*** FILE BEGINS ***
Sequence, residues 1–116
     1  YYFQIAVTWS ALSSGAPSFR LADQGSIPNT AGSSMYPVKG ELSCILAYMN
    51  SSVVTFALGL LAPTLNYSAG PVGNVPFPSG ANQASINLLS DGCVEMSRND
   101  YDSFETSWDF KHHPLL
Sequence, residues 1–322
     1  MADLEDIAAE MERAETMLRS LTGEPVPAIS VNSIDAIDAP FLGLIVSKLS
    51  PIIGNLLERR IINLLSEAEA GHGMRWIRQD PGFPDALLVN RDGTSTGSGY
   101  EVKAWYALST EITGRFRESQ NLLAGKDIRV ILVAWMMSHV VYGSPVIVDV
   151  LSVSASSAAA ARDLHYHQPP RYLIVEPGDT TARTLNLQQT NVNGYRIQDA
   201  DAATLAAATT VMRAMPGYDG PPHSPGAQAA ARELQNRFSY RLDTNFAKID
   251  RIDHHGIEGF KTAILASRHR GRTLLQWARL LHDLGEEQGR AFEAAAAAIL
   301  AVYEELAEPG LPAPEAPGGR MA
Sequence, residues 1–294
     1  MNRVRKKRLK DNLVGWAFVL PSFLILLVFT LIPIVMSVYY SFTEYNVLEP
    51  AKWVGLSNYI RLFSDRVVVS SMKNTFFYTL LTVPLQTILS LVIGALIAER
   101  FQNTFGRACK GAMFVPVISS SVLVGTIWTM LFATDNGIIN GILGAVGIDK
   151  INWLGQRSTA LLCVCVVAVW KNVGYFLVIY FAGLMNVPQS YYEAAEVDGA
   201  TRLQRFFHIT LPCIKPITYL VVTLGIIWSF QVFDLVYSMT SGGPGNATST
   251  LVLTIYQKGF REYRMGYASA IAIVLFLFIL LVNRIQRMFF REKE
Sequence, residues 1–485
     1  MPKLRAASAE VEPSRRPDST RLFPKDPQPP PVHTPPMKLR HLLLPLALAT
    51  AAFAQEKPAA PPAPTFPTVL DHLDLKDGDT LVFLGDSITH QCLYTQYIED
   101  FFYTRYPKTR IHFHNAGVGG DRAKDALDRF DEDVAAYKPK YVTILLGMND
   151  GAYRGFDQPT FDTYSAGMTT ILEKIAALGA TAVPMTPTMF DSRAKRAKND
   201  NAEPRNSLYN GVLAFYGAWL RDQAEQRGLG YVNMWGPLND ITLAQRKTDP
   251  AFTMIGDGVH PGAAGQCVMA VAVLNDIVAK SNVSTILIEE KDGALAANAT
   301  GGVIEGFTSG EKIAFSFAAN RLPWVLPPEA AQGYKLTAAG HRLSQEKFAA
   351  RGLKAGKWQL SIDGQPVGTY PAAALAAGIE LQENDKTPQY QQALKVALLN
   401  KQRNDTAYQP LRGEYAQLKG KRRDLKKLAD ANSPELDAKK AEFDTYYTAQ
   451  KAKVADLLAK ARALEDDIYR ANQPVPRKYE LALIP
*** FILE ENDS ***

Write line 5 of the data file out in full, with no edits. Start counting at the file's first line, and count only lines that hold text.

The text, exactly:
Sequence, residues 1–322